History is a discipline that deals with knowledge of the past. It encompasses a full range of “knowables,” from solid facts, to working hypotheses, to general theories. In this respect, it is similar to and different from other disciplines, such as math, where 2+2=4.
The main reason for studying history is identity, which is unquestionably one of the reasons that modern nations encourage its teaching in some form. It gives people a context for themselves, their culture and their world. It explains how institutions, families, communities and whole countries came to be, and how they have evolved over time while retaining cohesion.
There are many different ways to understand history, and a broad understanding of the subject is important to any student. Historians can use a wide variety of sources to build their stories, including written texts, artifacts and oral accounts. The process of gathering and recording history, which is the study of the past, has been around for a long time. Some of the earliest historians recorded events by hand or on parchment. These documents, along with oral histories and other relics, make up what are known as primary sources. Historians then analyze and interpret these sources, creating the historical record. Historians often debate the value of some historical sources, and sometimes the details that they include or omit.
Another important part of the field is how history is interpreted, and how that interpretation changes over time. The way we think about an event can change its importance to us, for example the Black Death has a greater significance to us now than it did in medieval times when it wiped out a third of the population. An individual’s actions can also become significant to the extent that they change the lives of others, for instance William Wilberforce becoming a major influence on the abolishment of slavery in Britain.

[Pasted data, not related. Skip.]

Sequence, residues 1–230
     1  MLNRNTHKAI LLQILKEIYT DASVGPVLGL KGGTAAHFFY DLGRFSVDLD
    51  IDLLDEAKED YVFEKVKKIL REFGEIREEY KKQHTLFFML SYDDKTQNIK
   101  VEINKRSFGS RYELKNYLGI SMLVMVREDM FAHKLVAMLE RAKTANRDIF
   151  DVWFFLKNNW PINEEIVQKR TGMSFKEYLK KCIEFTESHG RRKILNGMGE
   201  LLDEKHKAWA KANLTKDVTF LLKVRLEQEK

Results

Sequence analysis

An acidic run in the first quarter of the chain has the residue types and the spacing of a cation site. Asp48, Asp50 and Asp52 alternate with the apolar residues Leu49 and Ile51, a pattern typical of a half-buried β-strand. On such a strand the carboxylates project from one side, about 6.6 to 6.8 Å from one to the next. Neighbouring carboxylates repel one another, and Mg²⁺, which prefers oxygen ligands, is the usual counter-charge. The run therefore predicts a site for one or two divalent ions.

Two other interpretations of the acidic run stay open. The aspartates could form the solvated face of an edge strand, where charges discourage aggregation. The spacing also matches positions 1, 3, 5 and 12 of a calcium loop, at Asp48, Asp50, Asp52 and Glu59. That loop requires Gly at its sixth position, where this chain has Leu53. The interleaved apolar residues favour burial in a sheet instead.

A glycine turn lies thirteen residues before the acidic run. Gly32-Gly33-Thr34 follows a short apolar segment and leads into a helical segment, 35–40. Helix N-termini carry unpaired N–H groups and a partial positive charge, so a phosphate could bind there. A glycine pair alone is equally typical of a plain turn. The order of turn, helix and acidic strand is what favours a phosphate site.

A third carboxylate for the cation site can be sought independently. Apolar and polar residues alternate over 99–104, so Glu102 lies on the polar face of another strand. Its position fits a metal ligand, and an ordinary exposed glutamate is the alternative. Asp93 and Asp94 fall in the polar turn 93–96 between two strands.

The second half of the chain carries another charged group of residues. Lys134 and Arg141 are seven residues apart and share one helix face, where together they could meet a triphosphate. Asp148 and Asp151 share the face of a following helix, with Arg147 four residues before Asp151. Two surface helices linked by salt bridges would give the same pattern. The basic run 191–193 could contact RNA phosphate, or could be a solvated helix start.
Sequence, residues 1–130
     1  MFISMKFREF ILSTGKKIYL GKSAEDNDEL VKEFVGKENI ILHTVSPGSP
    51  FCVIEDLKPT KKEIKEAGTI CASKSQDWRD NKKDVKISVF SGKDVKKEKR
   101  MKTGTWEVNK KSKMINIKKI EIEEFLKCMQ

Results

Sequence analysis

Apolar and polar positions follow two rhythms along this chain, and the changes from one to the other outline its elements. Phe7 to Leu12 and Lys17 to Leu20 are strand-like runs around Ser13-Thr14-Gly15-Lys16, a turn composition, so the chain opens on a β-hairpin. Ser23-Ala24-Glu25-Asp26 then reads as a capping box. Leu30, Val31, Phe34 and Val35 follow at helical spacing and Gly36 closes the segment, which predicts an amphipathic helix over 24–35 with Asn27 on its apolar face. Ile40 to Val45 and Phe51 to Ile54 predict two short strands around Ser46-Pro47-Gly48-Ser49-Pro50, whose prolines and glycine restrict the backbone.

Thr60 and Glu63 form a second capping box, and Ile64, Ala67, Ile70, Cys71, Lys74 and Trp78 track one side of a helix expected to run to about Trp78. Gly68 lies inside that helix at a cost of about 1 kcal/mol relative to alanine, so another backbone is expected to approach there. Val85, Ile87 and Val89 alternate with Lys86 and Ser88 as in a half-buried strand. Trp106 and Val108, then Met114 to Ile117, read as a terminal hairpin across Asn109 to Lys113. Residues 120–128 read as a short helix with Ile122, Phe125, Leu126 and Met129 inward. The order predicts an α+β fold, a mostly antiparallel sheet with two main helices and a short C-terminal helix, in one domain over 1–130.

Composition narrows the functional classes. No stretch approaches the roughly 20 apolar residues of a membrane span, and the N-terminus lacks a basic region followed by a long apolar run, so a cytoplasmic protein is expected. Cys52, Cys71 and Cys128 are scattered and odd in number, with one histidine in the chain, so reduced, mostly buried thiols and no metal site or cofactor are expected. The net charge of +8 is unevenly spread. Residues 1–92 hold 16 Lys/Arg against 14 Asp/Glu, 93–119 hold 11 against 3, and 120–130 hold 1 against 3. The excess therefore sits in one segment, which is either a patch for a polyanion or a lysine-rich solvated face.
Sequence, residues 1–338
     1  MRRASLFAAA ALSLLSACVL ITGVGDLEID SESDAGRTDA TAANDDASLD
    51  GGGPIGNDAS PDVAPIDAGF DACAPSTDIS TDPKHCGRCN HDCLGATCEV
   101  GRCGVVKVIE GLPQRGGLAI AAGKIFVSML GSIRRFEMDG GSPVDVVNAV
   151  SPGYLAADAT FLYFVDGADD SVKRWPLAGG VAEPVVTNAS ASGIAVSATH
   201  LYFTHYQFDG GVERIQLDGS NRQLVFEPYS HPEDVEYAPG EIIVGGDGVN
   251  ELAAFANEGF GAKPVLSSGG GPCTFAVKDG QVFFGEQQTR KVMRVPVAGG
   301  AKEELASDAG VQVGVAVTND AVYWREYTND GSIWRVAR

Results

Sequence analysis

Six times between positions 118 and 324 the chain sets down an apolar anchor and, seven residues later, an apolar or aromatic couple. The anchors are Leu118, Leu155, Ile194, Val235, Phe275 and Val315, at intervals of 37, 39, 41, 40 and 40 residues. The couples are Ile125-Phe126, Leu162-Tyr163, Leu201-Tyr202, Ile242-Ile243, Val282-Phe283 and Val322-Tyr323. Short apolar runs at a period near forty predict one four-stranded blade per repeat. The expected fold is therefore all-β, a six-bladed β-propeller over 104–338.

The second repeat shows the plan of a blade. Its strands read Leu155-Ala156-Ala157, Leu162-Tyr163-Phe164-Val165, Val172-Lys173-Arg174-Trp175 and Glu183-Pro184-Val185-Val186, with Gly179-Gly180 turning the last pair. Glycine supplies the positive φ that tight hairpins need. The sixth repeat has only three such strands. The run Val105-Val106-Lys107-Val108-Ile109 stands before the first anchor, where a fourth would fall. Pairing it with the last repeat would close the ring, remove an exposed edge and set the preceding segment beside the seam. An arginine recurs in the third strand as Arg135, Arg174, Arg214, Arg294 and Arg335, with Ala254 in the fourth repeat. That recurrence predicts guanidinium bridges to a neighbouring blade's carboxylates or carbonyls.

Historians must be careful not to misuse the subject, and to avoid using it as a weapon in the culture wars. The field should not be used to justify current actions or opinions, but rather to provide the context and perspective that is needed for informed decision making. Historians should avoid the temptation to promote particular ideologies, and should present a balanced view of the past that is rooted in solid evidence.
Howard Zinn, a prominent social historian, has criticised the tradition of telling national history as though all members of a nation shared the same interests. He argues that the truth is that every society includes oppressors and the oppressed, and that history should show how these conflicting interests struggled.
Whatever you find interesting, there is likely a history to it, and taking the time to learn about it can make you a more thoughtful citizen, student and person overall. It may even help you find a job that reflects your passions and interests! Find out more about the history of your favorite topic at University of the People, the tuition-free, accredited online university.